Klas Lundström's reporting on life in the Pamir Mountains can be found at Inverse.
The IPCC 2021 report predicts hard times for Central Asia and its post-Soviet republics. Shifting weather and climate patterns are expected to bring about more frequent drought and erosion to the region’s already stumbling agriculture.
The Tajik population finds itself increasingly sandwiched between its economically pressured government, the ongoing horse-trading with regional superpowers China and Russia, and the selling of natural resources and ecologically delicate areas that the trade entails.
Tajikistan won its independence in the wake of the fall of the Soviet Union, and shortly after it lived through a bloody civil war lasting five years. The Tajik sky is ever-present—more than 90 percent of Tajikistan is covered by mountains and inhabited by people who are historically dependent on aquifers, which are connected to water sources at risk of depletion.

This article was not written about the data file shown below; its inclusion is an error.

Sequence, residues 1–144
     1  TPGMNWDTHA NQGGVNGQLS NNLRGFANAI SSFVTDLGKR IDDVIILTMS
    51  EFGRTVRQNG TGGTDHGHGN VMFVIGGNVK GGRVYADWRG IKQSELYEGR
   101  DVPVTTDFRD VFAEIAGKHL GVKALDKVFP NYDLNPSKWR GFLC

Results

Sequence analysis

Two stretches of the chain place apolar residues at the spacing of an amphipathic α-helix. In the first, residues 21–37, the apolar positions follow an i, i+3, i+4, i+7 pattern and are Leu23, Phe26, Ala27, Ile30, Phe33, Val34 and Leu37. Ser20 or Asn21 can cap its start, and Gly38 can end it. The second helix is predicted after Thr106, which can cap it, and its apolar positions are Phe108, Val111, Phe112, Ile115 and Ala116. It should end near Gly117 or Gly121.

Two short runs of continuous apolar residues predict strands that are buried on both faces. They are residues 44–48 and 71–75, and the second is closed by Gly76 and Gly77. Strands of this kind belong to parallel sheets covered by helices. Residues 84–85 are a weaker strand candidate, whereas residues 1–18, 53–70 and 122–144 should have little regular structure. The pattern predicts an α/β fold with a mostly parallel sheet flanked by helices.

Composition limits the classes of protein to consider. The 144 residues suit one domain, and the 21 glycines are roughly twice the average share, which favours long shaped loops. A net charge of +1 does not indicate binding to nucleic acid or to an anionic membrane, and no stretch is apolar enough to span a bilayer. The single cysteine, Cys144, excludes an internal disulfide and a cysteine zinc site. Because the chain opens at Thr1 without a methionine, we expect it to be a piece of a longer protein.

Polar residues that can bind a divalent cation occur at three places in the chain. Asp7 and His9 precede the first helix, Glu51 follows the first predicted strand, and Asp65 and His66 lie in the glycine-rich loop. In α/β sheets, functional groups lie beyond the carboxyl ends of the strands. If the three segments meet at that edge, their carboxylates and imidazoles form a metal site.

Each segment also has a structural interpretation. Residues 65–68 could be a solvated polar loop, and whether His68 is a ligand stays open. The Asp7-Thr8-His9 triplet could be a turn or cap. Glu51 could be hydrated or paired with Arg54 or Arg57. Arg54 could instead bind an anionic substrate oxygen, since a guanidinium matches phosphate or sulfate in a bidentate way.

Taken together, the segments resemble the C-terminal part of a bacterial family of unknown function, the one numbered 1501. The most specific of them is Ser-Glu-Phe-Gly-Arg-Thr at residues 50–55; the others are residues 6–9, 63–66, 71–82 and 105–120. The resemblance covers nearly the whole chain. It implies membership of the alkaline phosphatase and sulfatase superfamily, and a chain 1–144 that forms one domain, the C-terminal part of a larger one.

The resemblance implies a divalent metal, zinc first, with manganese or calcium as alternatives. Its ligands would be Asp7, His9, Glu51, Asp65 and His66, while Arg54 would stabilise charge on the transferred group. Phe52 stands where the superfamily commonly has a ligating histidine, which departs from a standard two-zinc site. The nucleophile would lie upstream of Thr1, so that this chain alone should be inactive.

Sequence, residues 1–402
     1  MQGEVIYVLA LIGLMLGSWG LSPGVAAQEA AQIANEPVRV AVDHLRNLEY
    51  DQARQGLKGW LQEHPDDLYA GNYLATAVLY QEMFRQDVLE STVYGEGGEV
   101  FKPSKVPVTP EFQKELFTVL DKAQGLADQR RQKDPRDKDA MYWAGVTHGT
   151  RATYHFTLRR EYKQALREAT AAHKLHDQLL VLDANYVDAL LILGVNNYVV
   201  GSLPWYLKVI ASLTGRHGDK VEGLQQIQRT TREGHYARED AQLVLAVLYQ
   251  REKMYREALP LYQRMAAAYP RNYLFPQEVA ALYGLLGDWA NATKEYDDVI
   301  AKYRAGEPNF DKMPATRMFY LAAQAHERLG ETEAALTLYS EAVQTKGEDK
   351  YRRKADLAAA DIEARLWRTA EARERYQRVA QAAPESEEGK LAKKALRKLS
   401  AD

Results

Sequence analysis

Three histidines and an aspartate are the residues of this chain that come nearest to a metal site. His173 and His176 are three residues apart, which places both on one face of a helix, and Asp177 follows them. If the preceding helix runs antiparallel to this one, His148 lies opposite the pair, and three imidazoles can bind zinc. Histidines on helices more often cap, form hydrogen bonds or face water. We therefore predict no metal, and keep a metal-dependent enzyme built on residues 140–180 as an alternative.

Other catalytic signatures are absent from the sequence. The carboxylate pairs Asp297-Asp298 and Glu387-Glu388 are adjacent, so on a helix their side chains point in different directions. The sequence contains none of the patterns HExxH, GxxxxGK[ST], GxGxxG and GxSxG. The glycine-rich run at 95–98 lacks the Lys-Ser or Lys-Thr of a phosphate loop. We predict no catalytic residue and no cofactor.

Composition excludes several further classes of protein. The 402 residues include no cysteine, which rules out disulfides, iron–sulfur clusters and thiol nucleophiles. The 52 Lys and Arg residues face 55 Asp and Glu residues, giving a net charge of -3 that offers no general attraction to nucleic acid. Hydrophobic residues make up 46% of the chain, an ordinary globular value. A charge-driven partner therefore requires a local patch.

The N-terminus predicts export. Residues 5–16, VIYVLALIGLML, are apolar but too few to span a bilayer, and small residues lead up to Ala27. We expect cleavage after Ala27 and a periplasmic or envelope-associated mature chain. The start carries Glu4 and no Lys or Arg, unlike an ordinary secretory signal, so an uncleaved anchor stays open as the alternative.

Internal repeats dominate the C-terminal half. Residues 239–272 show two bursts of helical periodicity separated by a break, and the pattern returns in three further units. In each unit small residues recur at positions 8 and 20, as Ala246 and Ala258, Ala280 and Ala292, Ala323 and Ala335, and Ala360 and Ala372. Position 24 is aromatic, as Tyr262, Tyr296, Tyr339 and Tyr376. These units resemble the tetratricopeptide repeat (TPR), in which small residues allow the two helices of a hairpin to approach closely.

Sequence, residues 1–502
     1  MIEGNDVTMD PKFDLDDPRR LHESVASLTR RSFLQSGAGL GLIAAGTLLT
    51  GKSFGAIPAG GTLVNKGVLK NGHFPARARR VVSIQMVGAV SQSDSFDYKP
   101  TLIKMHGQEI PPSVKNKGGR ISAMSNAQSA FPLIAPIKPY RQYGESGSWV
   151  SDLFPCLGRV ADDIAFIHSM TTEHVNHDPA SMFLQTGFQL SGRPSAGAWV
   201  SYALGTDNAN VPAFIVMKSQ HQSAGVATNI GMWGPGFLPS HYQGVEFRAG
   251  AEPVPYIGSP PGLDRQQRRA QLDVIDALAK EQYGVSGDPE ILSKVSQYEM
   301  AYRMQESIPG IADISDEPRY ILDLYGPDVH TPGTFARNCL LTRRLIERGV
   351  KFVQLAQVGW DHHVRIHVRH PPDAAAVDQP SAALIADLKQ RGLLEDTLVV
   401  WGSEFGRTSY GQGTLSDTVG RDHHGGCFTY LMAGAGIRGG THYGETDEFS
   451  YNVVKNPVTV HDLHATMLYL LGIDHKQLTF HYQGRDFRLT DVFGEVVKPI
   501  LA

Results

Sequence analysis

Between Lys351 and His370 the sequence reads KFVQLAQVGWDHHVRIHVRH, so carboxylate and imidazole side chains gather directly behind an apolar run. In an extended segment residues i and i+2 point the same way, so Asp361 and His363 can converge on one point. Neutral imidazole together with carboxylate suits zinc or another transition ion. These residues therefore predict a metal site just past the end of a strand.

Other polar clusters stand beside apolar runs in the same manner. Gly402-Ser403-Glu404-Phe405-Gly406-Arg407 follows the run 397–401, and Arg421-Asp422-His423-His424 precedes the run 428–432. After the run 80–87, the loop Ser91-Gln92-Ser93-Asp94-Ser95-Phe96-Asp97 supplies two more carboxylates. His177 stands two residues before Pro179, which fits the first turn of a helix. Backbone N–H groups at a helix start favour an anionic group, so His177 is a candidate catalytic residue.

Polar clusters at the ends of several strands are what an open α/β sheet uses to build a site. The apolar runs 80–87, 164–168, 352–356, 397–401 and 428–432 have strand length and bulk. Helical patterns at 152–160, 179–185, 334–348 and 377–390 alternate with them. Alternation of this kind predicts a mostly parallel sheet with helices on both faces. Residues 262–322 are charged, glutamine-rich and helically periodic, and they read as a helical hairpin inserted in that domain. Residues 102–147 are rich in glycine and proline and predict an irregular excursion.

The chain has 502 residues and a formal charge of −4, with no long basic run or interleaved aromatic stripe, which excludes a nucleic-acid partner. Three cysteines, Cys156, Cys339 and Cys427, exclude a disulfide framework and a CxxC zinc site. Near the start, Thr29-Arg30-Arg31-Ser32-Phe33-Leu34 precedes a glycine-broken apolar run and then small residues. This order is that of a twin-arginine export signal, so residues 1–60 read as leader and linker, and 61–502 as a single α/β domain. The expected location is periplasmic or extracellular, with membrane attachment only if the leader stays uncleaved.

Today, water security is scarce—especially in the country’s mountainous eastern corner—and many Tajiks are forced to collect water from salt-stained wells or polluted rivers. Corruption is one factor to blame, groundwater stress another, and melting glaciers the most visible and acute.
Sanitary diseases such as typhoid and cholera continue to haunt a large portion of the Tajik population, and there are recurring afflictions in the capital, Dushanbe, thus opening the door for new ideas and horizons for those who set out to create new lives for themselves on the Eurasian Steppe, on the slopes of the Pamir Mountains.
Here, agriculture and cattle herding long remained in control of “collectivization” during the Soviet era—but today, more Tajiks try to capture their cultural and social heritage by returning to a self-sufficient and nomad-like lifestyle for the sake of future generations.
Here, though, on the slopes of the Pamir Mountains, living conditions change swiftly. This is due not only to climate changes, but also to Tajikistan’s status as a geopolitical hotspot where Afghani refugees seek shelter and refuge from the Taliban power-seizure in Kabul. At the current global pace of carbon emissions, the “Roof of the World”—a region stretching from the Himalayas in Nepal and Tibet to the Pamirs in Central Asia via the Hindu Kush in India—is turning into a river of Biblical thaw.
For Tajikistan as a nation and its people’s sentiment of placement, belonging and identity, the future remains a vague horizon, outlined by circumstances and actors situated on the other side of the peaks of Pamir Mountains, beyond the roof of the world.